J Korean Soc Emerg Med.  2013 Jun;24(3):318-321.

Spontaneous Uterine Perforation from Pyometra: A Case Report

Affiliations
  • 1Department of Emergency Medicine, Inje University Sanggye Paik Hospital, Seoul, Korea. csj1026@paik.ac.kr

Abstract

Pyometra is the accumulation of pus in the uterine cavity. The incidence of pyometra in elderly patients is approximately 13.6%. Abdominal pain, fever, and vaginal discharge are the usual symptoms, but about half of the cases of uncomplicated pyometra have no specific symptoms. Spontaneous uterine rupture, resulting from complications of pyometra, is extremely rare. We report a case of spontaneous uterine rupture due to pyometra. A 77-year-old female patient who complained of nausea, abdominal pain, and poor oral intake (which started the day before) was transferred from the local hospital after having taken an abdominal CT. She had been bedridden for a year and had a history of hypertension, cerebral infarction, and colon cancer (for which she had a successful operation 12 years prior). Upon arrival, the patient was alert and her vital signs were: blood pressure of 113/78 mmHg, temperature of 36.9degrees C, respiratory rate of 22/min, and a pulse rate of 99/min. Her bowel sound was normal and physical examinations indicated a rigid abdomen with tenderness and rebound tenderness. Free air was observed in the abdominal CT and panperitonitis, due to uterine perforation resulting from pyometra, was also suggested. Hence, an emergency operation was undertaken. During the operation, the fundus of the uterus was found to be perforated with a 1 cmx1 cm-sized passage and a purulent discharge was apparent. Both the adnexa and bowel showed adhesion, but there was no bowel perforation or evident cancerous lesion. Entercoccus faecalis was cultured from both the cervical discharge and tissue obtained during operation. In summary, emergency physicians may consider uterine perforation due to pyometra in elderly woman with peritonitis.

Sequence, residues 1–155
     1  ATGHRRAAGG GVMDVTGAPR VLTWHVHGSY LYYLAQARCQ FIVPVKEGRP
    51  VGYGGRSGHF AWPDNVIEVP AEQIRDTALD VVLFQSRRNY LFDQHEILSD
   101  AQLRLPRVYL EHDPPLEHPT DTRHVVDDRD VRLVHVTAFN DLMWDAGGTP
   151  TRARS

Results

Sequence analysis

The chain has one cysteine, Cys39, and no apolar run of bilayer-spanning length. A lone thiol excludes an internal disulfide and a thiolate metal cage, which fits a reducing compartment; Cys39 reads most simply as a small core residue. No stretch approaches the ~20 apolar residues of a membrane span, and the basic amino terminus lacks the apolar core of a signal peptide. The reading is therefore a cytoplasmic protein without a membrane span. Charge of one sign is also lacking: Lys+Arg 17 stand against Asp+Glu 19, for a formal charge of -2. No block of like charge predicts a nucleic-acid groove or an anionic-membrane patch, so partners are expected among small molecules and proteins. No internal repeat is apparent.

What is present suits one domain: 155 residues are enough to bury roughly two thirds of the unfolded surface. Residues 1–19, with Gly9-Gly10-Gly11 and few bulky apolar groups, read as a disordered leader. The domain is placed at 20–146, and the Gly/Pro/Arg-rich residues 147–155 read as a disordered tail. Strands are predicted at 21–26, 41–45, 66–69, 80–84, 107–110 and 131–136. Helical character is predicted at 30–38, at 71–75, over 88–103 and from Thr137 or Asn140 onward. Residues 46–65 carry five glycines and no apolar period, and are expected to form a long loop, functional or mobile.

Keyword

Uterus; Perforation; Pyometra

MeSH Terms

Abdomen
Abdominal Pain
Aged
Blood Pressure
Cerebral Infarction
Colonic Neoplasms
Emergencies
Female
Fever
Heart Rate
Humans
Hypertension
Incidence
Nausea
Peritonitis
Physical Examination
Pyometra*
Respiratory Rate
Suppuration
Tomography, X-Ray Computed
Uterine Perforation*
Uterine Rupture
Uterus
Vaginal Discharge
Vital Signs
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